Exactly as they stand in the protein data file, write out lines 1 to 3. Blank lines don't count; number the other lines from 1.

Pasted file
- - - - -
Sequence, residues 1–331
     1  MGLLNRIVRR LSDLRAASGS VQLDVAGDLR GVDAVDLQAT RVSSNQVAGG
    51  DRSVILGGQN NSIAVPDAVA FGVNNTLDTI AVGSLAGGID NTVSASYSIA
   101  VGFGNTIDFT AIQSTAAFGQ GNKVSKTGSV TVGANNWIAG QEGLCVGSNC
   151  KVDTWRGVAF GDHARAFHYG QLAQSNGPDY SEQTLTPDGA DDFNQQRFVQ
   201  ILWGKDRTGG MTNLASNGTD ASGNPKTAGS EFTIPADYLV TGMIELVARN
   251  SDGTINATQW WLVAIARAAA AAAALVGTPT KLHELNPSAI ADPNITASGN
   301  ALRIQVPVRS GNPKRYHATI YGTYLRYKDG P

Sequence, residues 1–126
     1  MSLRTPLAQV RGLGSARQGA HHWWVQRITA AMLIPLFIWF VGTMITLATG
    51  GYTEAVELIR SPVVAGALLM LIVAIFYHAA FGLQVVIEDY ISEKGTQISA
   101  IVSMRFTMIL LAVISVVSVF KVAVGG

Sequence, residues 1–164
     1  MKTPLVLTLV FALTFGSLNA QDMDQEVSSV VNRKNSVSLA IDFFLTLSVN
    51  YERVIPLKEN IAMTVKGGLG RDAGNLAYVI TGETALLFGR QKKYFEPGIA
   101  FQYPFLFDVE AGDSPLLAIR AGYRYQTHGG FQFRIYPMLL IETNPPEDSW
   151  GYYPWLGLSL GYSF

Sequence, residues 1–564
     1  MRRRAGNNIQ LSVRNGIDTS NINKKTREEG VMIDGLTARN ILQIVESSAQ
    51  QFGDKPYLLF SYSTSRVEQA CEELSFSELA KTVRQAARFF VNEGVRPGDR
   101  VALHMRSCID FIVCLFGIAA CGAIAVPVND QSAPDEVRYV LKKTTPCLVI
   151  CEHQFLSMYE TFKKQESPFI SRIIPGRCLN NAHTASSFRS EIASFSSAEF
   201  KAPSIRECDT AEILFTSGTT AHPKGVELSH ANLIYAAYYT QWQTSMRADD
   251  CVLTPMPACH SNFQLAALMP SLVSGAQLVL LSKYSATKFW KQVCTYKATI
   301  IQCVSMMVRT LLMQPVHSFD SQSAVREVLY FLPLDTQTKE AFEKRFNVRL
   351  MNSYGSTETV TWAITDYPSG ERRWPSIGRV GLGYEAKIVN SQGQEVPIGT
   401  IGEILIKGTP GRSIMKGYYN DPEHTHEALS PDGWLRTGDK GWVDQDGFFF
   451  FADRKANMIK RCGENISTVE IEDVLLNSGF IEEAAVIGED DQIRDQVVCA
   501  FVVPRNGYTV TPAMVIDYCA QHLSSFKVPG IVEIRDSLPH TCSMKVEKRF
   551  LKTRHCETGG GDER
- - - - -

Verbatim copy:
Sequence, residues 1–331
     1  MGLLNRIVRR LSDLRAASGS VQLDVAGDLR GVDAVDLQAT RVSSNQVAGG
    51  DRSVILGGQN NSIAVPDAVA FGVNNTLDTI AVGSLAGGID NTVSASYSIA